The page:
But it’s important to realize that the (all-encompassing) N. R. N. C. Y. we’d cited above is comprised of five elements…,
That is, it’s comprised of a full complex of Nephesh-, Ruach-, Neshama-, Chaya-, and Yechidah-elements.
… and that all of existence is embodied in it.
The great and mammoth, round, gyrating all-encompassing N. R. N. C. Y. can be said to be the very ambiance and context of the cosmos.
For indeed, everything that exists functions as a consequence (and in the midst) of it, no matter how miniscule it is.
And so, even the mineral aspect in Asiyah (of one’s being)…
That is, even when functioning on the lowest level of the lowest world, one…
… has to realize the five levels of N. R. N. C. Y. (relevant to him) that are affiliated with the all-encompassing N. R. N. C. Y.
For every single aspect of our being is tied to and absorbed in every other one, and the whole of it must work in tandem.
As such, it’s impossible to attain even the light of the mineral (aspect) of Asiyah…
… to say nothing of even higher realms…
… without (having first attaining) the (other) four aspects.
So no one can excuse himself from engaging in them all (i.e., in the honing of all five aspects of the soul) to the degree appropriate to his (spiritual) status.
That is, since we’re expected to grow in our beings and to grant satisfaction to our Maker, there’s no reasonable way we can excuse ourselves from our obligations to follow through on that. As such, each one of us must strive “to the degree appropriate to his (spiritual) status” — which is to say, given his or her makeup, station, and environs — to do our best.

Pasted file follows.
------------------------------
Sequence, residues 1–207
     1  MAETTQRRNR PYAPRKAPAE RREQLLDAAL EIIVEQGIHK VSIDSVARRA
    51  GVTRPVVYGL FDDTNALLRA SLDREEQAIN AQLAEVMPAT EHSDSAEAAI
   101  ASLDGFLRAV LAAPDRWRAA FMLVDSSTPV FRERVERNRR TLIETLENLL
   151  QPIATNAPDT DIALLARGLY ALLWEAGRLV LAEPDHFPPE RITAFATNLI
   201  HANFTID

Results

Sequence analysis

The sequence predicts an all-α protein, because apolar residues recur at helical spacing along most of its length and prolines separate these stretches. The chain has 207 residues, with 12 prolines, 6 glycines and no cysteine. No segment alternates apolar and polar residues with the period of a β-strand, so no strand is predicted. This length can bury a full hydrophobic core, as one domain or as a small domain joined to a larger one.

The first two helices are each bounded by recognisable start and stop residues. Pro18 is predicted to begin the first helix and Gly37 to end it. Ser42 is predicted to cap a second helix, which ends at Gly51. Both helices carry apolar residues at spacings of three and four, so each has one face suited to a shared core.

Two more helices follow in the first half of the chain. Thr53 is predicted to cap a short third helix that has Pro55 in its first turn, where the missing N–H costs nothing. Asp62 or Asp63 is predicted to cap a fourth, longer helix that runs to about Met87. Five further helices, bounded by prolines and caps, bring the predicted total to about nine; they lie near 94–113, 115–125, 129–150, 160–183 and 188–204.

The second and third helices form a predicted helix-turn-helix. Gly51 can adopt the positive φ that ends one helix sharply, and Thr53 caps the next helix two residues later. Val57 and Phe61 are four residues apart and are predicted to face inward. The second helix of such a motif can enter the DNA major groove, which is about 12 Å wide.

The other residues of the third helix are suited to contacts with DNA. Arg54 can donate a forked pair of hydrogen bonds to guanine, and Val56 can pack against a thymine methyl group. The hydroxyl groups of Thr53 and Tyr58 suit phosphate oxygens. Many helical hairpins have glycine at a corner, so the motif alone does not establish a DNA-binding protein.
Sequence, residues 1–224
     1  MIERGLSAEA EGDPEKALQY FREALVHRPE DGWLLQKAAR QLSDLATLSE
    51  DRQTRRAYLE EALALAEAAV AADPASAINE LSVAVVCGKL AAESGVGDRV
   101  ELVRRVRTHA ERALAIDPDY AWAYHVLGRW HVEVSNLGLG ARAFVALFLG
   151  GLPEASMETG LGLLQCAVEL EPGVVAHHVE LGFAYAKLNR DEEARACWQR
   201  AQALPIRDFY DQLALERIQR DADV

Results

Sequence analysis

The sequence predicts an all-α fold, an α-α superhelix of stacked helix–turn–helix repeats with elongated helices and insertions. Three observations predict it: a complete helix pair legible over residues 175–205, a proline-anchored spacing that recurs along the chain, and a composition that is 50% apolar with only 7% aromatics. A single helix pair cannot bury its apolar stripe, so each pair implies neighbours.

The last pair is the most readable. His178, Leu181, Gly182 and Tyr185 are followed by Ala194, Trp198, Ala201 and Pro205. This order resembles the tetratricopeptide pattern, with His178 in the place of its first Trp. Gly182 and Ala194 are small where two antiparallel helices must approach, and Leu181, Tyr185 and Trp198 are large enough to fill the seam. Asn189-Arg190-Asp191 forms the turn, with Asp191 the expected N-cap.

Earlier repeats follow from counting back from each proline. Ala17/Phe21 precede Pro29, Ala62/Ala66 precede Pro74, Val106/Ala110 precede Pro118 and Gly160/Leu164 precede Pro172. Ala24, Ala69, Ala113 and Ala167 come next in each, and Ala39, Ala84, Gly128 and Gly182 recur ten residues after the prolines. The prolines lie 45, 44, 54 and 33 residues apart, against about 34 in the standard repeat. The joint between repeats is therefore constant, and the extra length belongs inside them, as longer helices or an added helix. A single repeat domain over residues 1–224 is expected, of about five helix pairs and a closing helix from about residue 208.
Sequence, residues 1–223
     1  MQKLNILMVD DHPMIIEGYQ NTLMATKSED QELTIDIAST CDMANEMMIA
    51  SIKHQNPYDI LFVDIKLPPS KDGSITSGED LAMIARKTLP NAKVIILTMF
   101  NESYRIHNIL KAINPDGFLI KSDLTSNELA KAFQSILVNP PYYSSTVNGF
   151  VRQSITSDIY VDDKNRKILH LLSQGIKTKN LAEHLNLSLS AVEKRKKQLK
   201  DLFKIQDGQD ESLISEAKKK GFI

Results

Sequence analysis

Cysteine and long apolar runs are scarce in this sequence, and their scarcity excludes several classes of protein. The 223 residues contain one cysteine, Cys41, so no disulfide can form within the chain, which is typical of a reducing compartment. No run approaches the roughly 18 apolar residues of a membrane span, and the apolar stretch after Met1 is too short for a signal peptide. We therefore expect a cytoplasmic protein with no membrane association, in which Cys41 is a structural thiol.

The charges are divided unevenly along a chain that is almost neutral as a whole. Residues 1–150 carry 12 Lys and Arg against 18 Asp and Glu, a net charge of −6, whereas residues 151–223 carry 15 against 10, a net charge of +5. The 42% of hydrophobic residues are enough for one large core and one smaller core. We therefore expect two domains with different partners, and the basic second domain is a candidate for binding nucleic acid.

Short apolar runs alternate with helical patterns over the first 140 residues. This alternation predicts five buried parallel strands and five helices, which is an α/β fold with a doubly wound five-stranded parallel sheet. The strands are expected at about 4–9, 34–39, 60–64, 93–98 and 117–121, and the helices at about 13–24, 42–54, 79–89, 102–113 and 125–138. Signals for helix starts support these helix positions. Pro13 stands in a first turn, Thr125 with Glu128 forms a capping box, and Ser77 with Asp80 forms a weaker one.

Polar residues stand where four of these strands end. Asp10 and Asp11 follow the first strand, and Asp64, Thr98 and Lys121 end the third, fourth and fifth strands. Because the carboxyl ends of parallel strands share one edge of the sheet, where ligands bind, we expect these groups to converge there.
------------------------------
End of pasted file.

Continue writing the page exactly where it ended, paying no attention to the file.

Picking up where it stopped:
For while we won’t be asked to account for not having been the person we’re not, we will, though, be asked to account for why we’re not the person we really are. And just as we’ll be recognized for having tried our hardest in light of our challenges, we’ll likewise be judged for not having done our best in light of our potential and for what lays latent, deep within. That being so…
Each person would have to study Torah and fulfill mitzvot with (the proper) intentions …
i.e., to grant God satisfaction.
… to receive the (degree of) Ruach (appropriate) to his status.
He’d have to delve into the mysteries of the Torah according to his status to receive the (degree of) Neshama (that is appropriate) to his status.
Ashlag is now entering in the subject that will be the thrust of the rest of this work — the study of Zohar specifically and the Kabbalah in general.
And (he’d) likewise (have to contemplate) the (esoteric) reasons for the mitzvot…
… i.e., to delve into or savor what was on God’s “mind” when He charged us to do this or that mitzvah, and to thus commune with His inner will …
… since it’s otherwise impossible to realize even the smallest light of holiness.
His point is that it’s imperative for us to delve into the mysteries of the Torah and the esoteric reasons for the mitzvot if we’re ever to be fulfilled in our beings. Yet many, many don’t, to Ashlag’s great dismay. He’ll now follow through on this idea to the end of the work.
(c) 2012 Rabbi Yaakov Feldman
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Rabbi Yaakov Feldman has also translated and commented upon “The Path of the Just” and “The Duties of the Heart” (Jason Aronson Publishers).